Drawing is a useful skill when it comes to communication. For example, even though nowadays we have the power to photograph just about anything accurately, drawings can portray things in a way that allows us to add more information that what a photograph would be able to show.
History of Drawing
Just like drawing was probably one of the first ways YOU created art as a small child, drawing is probably one of the first ways any humans created art, long long ago. Drawing is often the first step to creating works of art in any medium, because it is such a simple and easy way for us to visualize and share our ideas.
The Earliest Drawings
Prehistoric cave paintings and drawings have been found in several locations across the glove. Some of the oldest ones are in France. Ancient cave drawings inside the Chauvet cave of southern France have been estimated to be around 36,500 years old. The drawings depict many large animals such as bison, bears, lions, and horses. You can visit the cave virtually here.
Drawing in Ancient Egypt
Egyptian artists made sketches on small slabs of limestone or on pieces of broken pottery, called ostraca. Typically Egyptian artists used red pigment for their initial drawings, made corrections (or were corrected by their master artists) and then went over the finalized drawing in black pigment. Egyptians are believed to have used various natural sources for drawing pigments, such as soot, ochre (reddish clay earth), gypsum, and others.
The ancient Egyptians also used drawings on stone or plaster walls and on other surfaces to plan where to make relief carvings.
Sources/more info: Art of Ancient Egypt
Drawing in Ancient China
Ink painting has been a mainstay of Chinese art since ancient times. Artists use brushes dipped in ink made from soot as well as other pigments made from a wide variety of naturally occurring minerals (such as zinc, cinnabar, clams/shells, and others) to create colors.
Pigments were combined with animal glue to create a painting medium that was resilient to humidity and wear. The usual surfaces used in Chinese painting are rice paper or silk, which may be rolled up into a scroll for portability or storage. For reference, the horse image shown here is one part of a scroll that measures 37 feet in length!
Traditional Chinese paintings were not focused solely on representing accurate details of their subjects. The most important aspect was to capture the spirit or energy of a subject, or what you could call the “essence” of it.
Learning How To Draw
Forget about the false belief that some people are just born good at drawing while others are not. It’s not true! Nobody can say, “this baby is good at drawing, and this one is not.” Everyone is born with the same ability level when it comes to drawing.
So why do some kids become better drawers than others? Kids who don’t get too frustrated when they try to draw more and more realistically are probably more able to learn than those who do get frustrated. They will make more rapid progress in their learning than kids who get frustrated and get stuck.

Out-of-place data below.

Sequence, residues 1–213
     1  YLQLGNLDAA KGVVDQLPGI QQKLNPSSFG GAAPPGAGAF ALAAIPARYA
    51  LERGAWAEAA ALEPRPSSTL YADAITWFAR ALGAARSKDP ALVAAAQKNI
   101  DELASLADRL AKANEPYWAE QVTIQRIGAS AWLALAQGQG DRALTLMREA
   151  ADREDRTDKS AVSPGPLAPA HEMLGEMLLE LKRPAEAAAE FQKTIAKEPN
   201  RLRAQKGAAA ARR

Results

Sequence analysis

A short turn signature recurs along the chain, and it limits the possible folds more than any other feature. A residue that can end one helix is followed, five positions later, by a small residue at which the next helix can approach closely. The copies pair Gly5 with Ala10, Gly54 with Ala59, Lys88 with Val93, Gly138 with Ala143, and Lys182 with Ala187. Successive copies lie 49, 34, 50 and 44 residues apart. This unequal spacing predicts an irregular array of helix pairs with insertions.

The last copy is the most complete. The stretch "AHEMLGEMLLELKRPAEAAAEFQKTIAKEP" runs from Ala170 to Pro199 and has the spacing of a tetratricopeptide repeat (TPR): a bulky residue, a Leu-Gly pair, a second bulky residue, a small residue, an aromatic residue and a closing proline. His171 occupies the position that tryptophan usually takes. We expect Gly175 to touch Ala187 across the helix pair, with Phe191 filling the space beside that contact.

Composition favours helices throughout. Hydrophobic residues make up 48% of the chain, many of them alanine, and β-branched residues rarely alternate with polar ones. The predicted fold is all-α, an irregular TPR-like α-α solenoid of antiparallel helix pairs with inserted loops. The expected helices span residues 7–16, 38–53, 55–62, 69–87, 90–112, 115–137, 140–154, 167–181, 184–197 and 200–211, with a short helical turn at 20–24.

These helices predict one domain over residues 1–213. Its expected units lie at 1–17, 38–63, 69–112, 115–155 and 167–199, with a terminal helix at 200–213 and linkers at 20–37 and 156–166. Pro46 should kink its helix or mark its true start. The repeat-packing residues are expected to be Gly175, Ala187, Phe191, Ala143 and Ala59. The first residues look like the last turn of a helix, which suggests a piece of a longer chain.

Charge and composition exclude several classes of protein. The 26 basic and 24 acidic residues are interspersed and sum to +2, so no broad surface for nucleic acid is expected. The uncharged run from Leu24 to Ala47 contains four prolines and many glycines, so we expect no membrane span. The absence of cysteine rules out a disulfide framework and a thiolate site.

With time, practice, and love, anyone can become good at drawing. YOU can become good at drawing!
As you embark on your mission to improve your drawing, remember to be patient with yourself. You might not “get things right” the first time or even the first 10 times, but keep trying! Release your inhibitions on what you think is the right or wrong way to draw things and allow yourself to go outside your comfort zone. Keep a positive attitude, and don’t compare yourself to others.
Drawing is a skill that you can develop over time. Think of learning to drawing well in the same way as you would think of a bodybuilder who can lift 300 pounds. A bodybuilder has to practice with smaller weights until they have built up enough muscle to be able to perform the required movements to lift 300 pounds. Someone who draws very well will also have developed the muscles in their fingers, hand, wrist, and arm to have control and confidence in their movements, too.
But even more important, perhaps, than muscle memory or coordination is the development of your ability to visualize and really see things.
Learning To See
I have long thought that one of the most important aspects of learning to draw better is learning to see. You must become a good observer of what you see and become aware of the way you see it.
Let’s look at this image of a bird as a simple exercise in learning to see. At first glance, we see a yellow bird perched on a branch. The bird appears clearly and in-focus while the background is blurry and mostly green.
Looking closer, we can observe some finer details: that the branch is not perfectly straight or curved, it has darker and lighter areas, it has bumps. On the bird we can see a range of colors from yellow to green to blue, as well as black. We know that the bird has white feathers under its tail, but how do they really look? They appear as grayish hues of green and blue rather than actual white.
Learning to see involves letting your eyes explore every detail of the lines you observe with your naked eye and building a habit of digging into the obscure and minute details of what you see.
But it’s not just about the fine details. It’s also about the overall picture, the sum of different parts and how we perceive them as a whole. In art, this theory is called gestalt.
Setting Up Your Drawing Space
Where you draw matters. When you are practicing drawing, you’ll be most successful if you are comfortable and can maintain the practice for an extended period of time. Sitting hunched over at a flat table may not be ideal for your or neck.
Using a slanted or upright surface that faces you will prevent strain on your back and neck. It’ll also enable you to see the entire drawing surface at an equal distance so your drawing isn’t distorted.